As well, the language of cl 3 conferred on Tower a single option, to decide either to make payment or to rebuild, replace or repair. There was nothing in the language of the clause to suggest that Tower had the double option, first to determine whether “to make payment, rebuild, replace or repair” and, then, if it had chosen to “make payment”, the further ability to decide which of the cl 2 payment options was adopted.

Tower's argument was also not consistent with the language of cl 2. Unless the house was damaged beyond economic repair, the only options available were option (a) replacement value of the house at its situation, and option (d) present day value. In this situation the choice was for the insured. Where the house was damaged beyond economic repair, the insured could choose present day value by deciding not to take any of the steps that engaged options (a), (b) and(c). In these situations, it was perfectly clear that the option which applied was decided by the insured.

If the house was damaged beyond economic repair, all four options were available. Clause 4 proceeded expressly on the basis that it was the insured who chose. Further the language of the proviso to cl 2 — “only allow you to rebuild on another site or buy a house” — was inconsistent with Tower deciding whether to rebuild on another site or buy a house. The proviso was completely surplus to requirements on Tower's approach because the insured then could never exercise options (b) and (c) without Tower's consent.

Tower's approach went beyond what was necessary to address moral hazard concerns. More generally still, Tower's interpretation would result in an insured's entitlements being distinctly less than what the policy appeared to envisage. On Tower's interpretation it could, by withholding payment of anything more than present day value, force the insured instead to buy the cheapest non-new house which was comparable to the insured house and in this way achieve'replacement’ for a cost that might be appreciably less than the replacement value of the house. As well, it was implicit in Tower's argument that it either chose the replacement house or had a practical right of veto (subject of course to review by courts) of any house which the insured would like to buy.

Tower's approach would give it the right (subject only to arguments about reasonableness) to insist on the replacement house being in another suburb or even city, despite close connections (for instance as to schooling) that the insured might have with the locality in which the insured house was situated.

In a case where a house was damaged beyond economic repair and where Tower had decided not to rebuild or replace the house, Tower's payment obligations under cl 2 were determined by the choice which the insured made as to whether to rebuild the house or replace it on another site or buy another house.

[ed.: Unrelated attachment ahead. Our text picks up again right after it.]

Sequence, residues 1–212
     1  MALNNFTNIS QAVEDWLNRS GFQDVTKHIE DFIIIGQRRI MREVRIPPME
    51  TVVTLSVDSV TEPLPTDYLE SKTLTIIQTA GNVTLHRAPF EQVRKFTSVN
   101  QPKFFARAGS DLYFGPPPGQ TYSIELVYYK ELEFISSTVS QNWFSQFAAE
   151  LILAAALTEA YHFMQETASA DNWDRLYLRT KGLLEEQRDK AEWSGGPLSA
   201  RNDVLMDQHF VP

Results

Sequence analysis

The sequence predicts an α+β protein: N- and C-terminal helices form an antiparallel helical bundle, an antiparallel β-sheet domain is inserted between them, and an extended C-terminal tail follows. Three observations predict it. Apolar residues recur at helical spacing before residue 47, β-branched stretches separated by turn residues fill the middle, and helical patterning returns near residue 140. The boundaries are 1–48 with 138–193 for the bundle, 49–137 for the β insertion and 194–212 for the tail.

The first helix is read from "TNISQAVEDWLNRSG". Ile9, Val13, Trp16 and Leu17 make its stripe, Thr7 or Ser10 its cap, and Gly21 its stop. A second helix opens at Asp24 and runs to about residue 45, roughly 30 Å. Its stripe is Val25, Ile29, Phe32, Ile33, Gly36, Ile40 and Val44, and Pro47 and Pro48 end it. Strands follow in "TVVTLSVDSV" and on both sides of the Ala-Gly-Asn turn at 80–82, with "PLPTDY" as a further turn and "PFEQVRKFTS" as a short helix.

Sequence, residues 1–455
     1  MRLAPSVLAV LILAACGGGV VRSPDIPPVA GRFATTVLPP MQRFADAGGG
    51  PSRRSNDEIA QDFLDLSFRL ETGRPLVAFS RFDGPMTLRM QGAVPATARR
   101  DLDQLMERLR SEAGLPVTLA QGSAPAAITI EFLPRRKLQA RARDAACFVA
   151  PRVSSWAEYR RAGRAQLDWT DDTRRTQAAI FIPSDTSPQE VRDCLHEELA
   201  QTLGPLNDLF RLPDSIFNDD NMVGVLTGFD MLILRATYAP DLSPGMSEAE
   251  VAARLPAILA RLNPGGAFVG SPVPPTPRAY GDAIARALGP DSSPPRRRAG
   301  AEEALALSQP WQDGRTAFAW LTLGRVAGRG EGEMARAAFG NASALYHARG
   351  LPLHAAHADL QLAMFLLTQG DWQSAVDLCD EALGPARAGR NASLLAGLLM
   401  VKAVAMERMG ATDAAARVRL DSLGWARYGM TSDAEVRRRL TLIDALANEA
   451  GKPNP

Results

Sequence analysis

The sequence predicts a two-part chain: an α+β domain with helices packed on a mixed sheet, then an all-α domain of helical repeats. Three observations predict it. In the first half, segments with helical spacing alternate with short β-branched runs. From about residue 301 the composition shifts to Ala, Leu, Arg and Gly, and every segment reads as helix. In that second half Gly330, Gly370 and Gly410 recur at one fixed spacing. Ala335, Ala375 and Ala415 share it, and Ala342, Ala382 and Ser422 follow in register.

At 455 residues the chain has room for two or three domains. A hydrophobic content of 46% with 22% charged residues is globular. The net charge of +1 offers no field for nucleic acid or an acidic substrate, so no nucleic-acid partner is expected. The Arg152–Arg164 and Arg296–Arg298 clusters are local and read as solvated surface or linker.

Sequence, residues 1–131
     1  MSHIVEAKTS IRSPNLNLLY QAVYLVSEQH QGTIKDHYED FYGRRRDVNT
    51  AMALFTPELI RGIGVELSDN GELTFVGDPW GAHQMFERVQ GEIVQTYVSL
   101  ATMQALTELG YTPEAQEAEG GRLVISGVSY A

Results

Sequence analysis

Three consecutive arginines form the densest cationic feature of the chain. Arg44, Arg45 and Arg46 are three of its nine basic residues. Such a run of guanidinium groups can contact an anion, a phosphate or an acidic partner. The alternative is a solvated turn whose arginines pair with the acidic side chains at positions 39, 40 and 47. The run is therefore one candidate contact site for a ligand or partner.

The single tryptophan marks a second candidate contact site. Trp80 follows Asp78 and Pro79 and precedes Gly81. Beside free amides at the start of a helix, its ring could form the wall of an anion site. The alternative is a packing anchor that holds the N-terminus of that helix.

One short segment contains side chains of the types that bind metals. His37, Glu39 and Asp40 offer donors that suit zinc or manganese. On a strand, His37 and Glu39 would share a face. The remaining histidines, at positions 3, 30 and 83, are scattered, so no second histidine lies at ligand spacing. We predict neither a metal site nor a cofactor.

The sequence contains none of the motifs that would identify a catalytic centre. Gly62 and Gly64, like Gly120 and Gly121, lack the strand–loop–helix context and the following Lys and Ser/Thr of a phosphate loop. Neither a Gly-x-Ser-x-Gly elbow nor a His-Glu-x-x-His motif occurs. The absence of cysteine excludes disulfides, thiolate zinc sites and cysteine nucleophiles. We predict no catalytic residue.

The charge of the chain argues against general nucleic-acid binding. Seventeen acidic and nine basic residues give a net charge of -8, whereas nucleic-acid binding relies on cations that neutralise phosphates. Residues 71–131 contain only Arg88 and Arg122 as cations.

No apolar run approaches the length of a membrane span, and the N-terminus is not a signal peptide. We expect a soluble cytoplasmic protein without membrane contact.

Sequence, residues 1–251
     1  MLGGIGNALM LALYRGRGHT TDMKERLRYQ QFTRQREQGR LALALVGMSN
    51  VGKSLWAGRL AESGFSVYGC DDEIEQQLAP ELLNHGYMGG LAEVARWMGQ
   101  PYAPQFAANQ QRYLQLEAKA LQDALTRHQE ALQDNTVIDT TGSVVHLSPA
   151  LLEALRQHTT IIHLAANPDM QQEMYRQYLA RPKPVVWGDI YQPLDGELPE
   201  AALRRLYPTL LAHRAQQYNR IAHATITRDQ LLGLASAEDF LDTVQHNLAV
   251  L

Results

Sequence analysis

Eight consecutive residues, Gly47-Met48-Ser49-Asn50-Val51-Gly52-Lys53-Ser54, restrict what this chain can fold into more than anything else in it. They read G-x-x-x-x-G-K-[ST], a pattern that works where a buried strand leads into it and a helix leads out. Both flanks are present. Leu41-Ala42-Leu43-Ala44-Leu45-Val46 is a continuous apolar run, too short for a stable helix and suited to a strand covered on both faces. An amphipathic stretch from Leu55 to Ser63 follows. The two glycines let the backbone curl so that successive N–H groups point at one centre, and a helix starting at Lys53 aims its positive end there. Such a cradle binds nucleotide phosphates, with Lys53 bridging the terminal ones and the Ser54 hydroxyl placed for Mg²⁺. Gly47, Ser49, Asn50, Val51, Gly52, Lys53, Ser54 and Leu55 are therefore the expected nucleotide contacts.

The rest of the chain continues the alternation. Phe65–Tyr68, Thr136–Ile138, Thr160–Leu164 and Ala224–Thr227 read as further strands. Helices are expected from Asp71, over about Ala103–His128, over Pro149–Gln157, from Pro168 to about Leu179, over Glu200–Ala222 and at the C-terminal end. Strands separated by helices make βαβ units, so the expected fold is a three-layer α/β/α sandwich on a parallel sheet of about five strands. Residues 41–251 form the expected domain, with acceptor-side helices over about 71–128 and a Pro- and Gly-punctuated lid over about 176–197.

Practical and policy considerations strongly pointed away from Tower's interpretation of the policy that its liability to pay under option (c) was not triggered by the purchase of a house unless it was comparable to the insured house. It might be that a house which was comparable to the insured house did not exist. If this was so, Skyward could be denied replacement value recovery during a vain search for such a comparable house. The comparable house approach of Tower as first advanced — by reference to a 100 year old house in only average condition — would produce an outcome that would be consistent more with an indemnity than a replacement value policy.

If the insured chose to buy another house, the only cap on the cost that Tower had to meet was that it would not exceed the cost of rebuilding the insured house at its present site and there was no requirement that the house which was bought be “comparable” to the insured house.

Appeal dismissed. Tower's liability was the lower of the cost of rebuilding the insured house at its present site or the cost of another house. There was no requirement that the other house be “comparable” to the insured house. It was not Tower's choice whether the claim was to be settled by paying the cost of buying another house.

Treating the litigation as a test case provided a reason for the High Court not awarding Tower costs because the litigation had been very much for its purposes (as addressing issues it plainly faced with a number of claimants). But from the point of view of Skyward, the dispute had a one-off character and, with Skyward having been successful, there was no good reason why costs should not follow the event.

Cross appeal allowed.

JUDGMENT OF THE COURT
  • A The appeal is dismissed. We answer the questions posed as follows:

    • (a) Under the terms of the insurance policy, on what basis is the amount payable by Tower to be calculated if [an insured party's] claim is to be settled by Tower paying the cost of buying another house?

    • Answer

    • Tower's liability is the lower of the cost of rebuilding the insured house at its present site or the cost of the other house. There is no requirement that the other house be “comparable” to the insured house.

    • (b) Under the terms of the insurance policy, is it Tower's choice:

      • (i) whether...